The last week has been mind-blowingly awesome though, with a pivotal change of mindset and a great idea for a new series that has been progressing slowly in the background.  I’ll blog that evolution soon, but in the meantime, as that has been growing I have been out and about.

A wander down a gallery-filled street with an artist friend that was very inspiring in terms of seeing works, and galleries, which helped to cement more than a few things about my work, process and professional aspirations.

A catch up with another friend at the Roslie Gascoigne retrospective, which was special not just for the chance to see the beautiful works, but to talk about the aftermath of the bushfires which have affected every Victorian in one way or another.

And the kindness of friends in helping me to work a bit longer in the daytime by entertaining my little ones.  We are all so blessed to have community and to engage and trust and let life in.  Everyone grows through living gently, giving a little more, and being gracious in accepting help. It feels like everyone is blossoming to me at the moment, and that’s a beautiful thing.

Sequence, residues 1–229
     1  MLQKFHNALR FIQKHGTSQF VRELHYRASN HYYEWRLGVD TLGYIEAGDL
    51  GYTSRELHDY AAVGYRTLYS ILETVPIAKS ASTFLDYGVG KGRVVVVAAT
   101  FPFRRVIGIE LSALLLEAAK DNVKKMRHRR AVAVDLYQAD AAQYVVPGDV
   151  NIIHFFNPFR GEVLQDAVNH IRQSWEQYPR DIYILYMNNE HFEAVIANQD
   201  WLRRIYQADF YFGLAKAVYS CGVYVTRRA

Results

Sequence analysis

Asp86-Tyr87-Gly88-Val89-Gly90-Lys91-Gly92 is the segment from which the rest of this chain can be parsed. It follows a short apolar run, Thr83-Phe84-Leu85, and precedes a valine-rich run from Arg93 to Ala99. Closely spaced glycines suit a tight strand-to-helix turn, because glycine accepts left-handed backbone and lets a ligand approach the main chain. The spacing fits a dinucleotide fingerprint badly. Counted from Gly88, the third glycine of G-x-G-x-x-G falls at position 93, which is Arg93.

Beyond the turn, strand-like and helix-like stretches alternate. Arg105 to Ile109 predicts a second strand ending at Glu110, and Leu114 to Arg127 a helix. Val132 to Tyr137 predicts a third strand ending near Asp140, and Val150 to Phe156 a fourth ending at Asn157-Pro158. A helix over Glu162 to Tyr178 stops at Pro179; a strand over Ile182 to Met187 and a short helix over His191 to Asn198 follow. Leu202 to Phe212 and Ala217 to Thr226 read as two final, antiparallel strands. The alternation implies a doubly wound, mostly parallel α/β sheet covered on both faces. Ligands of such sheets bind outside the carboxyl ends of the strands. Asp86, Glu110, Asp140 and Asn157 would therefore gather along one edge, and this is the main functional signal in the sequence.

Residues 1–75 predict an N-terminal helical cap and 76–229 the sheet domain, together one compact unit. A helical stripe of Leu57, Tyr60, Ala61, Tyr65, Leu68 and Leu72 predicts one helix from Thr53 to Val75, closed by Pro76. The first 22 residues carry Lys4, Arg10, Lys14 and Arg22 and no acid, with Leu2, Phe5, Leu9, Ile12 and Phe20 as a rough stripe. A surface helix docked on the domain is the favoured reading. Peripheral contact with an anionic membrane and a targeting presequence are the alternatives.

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The destination is never as important as the journey.  And the journey never ends.

How cool is that.

It frequently amazes me that I am here, instead of the hundreds and thousands of other life alternatives that were possible.  That the choices I have made in my life – on a daily basis have led me to this spot.

Some of them have seemed inconsequential.  Others have felt mammoth and the decisions have been laboured over for fear of finding myself at a destination with a dead-end.  But you know I think that this doesn’t exist.  Because, although you can never go back, there is always something new to discover inside or out that will change you if not the destination.

Today was one of those marvellous days where another corner was turned and everything seems rosy again.  New eyes, new point of view, new possibilities.

New work emerging.  New confidence, new possibilities.  And an important reminder to engage and let life in.  And I’m LOVING that. 🙂

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And they told stories in the moonlight. oil on linen, 61cm x 61cm, 2009

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and the bear went everywhere


and the bear went everywhere, oil on board, 50cm x 50cm